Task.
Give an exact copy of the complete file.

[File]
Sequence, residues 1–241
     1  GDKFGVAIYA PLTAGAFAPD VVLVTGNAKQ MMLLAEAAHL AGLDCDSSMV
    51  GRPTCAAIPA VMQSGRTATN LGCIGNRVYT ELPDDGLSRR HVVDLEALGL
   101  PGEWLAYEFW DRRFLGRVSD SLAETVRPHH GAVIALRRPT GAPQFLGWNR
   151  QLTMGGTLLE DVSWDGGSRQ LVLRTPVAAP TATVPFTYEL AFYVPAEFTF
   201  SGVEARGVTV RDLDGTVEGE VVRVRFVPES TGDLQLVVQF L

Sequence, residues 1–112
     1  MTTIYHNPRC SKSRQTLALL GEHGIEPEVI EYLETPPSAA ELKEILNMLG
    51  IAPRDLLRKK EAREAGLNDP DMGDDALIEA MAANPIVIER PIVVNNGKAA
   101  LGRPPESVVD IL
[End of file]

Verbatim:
Sequence, residues 1–241
     1  GDKFGVAIYA PLTAGAFAPD VVLVTGNAKQ MMLLAEAAHL AGLDCDSSMV
    51  GRPTCAAIPA VMQSGRTATN LGCIGNRVYT ELPDDGLSRR HVVDLEALGL
   101  PGEWLAYEFW DRRFLGRVSD SLAETVRPHH GAVIALRRPT GAPQFLGWNR
   151  QLTMGGTLLE DVSWDGGSRQ LVLRTPVAAP TATVPFTYEL AFYVPAEFTF
   201  SGVEARGVTV RDLDGTVEGE VVRVRFVPES TGDLQLVVQF L

Sequence, residues 1–112
     1  MTTIYHNPRC SKSRQTLALL GEHGIEPEVI EYLETPPSAA ELKEILNMLG
    51  IAPRDLLRKK EAREAGLNDP DMGDDALIEA MAANPIVIER PIVVNNGKAA
   101  LGRPPESVVD IL